Eugène Kwibuka is a 22-year-old journalism student from Butare, Rwanda, who stayed in Montréal for six weeks covering the war crimes trial of Désiré Munyaneza. He's been chronicling his experiences in a blog. He says he loves the idea of Canada's changing seasons and finds the country beautiful, and he's amazed by being able to drink tap water, use wireless internet, ride on excellent roads, and have electricity that works all the time. But he notes that people aren't necessarily happy, even though they have big houses and lots of possessions: the stress and loneliness in western society were immediately apparent to him. He's surprised that even well-off people don't have live-in maids - something that's common and affordable in Rwanda - and that parents have to worry about babysitters for their children.
Can you imagine a person living alone in a huge house in which you find more than two television sets, more than two cars, more than two sitting rooms, and many other things?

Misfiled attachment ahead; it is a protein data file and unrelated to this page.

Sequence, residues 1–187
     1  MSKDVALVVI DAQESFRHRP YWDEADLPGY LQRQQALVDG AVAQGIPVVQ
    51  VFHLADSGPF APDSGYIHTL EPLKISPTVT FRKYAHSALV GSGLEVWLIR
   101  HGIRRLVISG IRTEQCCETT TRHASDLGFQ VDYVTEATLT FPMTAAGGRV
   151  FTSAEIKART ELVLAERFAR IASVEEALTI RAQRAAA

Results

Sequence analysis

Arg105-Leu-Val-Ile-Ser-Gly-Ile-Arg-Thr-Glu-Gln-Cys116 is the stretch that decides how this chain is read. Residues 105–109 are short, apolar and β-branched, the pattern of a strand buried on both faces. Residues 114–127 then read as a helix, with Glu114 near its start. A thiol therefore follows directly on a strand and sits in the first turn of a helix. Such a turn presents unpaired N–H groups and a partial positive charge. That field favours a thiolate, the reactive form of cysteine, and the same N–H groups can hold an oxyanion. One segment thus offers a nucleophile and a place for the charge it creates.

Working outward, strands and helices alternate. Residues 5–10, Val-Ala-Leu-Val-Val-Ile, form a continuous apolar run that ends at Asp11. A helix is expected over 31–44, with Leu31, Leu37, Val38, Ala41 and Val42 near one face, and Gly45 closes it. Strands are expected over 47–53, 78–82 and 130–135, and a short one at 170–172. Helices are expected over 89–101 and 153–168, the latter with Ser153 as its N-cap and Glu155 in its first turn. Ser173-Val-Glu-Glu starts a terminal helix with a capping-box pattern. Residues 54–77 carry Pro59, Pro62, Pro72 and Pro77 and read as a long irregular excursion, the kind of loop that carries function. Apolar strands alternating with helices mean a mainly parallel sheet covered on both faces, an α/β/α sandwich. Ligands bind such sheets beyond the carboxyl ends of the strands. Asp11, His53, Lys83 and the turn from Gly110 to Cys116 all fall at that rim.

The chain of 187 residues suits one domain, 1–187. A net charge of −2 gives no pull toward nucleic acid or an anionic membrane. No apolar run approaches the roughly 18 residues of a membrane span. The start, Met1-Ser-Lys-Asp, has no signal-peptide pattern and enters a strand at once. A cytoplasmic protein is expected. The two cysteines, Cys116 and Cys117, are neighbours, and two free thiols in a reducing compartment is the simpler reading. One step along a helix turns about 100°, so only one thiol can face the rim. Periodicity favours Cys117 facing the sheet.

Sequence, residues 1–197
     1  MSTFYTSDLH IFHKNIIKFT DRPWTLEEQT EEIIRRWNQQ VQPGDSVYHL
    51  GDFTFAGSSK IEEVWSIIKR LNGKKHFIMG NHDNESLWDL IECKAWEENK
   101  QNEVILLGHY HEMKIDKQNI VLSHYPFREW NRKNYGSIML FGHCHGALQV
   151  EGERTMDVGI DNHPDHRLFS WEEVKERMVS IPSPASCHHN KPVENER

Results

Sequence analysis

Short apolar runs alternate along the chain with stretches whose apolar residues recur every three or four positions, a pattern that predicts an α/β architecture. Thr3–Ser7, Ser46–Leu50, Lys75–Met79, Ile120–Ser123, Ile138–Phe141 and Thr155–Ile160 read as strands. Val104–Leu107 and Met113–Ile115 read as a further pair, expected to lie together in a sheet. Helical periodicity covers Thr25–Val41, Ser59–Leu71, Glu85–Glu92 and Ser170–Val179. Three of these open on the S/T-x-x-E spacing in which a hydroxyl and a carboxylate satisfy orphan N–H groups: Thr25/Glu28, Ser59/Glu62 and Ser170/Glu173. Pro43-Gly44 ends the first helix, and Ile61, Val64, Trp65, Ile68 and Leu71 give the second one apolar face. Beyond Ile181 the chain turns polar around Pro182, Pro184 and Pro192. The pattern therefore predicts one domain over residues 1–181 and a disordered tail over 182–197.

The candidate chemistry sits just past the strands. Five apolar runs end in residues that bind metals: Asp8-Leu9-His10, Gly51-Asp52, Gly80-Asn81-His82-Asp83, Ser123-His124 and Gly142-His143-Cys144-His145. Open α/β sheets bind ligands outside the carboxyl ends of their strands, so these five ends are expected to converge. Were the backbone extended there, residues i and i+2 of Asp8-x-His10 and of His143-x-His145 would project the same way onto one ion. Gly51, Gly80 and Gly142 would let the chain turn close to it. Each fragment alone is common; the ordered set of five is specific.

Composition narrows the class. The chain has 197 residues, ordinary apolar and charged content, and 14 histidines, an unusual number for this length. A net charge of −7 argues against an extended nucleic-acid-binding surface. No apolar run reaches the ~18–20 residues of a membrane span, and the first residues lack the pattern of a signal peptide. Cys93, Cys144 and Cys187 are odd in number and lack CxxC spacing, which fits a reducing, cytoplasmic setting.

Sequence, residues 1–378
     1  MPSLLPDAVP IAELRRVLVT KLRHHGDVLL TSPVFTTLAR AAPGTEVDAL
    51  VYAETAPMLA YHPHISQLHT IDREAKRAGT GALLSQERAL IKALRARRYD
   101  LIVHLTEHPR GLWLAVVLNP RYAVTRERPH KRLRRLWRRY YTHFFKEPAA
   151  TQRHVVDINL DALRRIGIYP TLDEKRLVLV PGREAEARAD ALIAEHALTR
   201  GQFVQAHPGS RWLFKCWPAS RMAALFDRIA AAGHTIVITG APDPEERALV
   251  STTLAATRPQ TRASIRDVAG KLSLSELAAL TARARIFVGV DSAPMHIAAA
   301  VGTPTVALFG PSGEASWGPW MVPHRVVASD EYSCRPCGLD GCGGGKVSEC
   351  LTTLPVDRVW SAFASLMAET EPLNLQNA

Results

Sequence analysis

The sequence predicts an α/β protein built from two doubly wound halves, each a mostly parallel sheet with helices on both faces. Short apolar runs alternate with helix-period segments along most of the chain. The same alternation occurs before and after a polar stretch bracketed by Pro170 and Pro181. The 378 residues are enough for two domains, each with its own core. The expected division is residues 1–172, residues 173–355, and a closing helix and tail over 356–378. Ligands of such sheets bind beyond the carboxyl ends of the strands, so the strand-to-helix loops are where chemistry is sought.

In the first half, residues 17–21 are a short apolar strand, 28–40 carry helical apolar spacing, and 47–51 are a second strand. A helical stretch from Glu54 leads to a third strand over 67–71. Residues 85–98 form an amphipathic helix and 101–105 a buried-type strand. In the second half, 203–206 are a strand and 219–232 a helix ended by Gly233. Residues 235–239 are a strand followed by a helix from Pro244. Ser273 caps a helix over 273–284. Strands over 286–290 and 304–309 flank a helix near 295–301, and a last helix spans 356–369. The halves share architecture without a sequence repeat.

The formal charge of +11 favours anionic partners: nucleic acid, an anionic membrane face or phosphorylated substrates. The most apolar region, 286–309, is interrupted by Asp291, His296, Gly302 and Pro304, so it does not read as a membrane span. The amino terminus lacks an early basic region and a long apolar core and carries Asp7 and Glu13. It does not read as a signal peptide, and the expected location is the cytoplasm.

And I was interested that he picked up on some colloquial expressions in English that say quite a lot about our society:
Sayings like "there is no free lunch in North America" and "feed the goat" show how capitalist a society is. The first means that people here work hard to eat and buy things... By the term "feed the goat," I learned that people here work for big companies that keep demanding big work and they are considered as goats to be fed anytime...I always wonder what would happen if companies stop employing people who are living in a house they haven't paid for yet? Doesn't it stop them from paying the mortgage? Would they be sent from the house?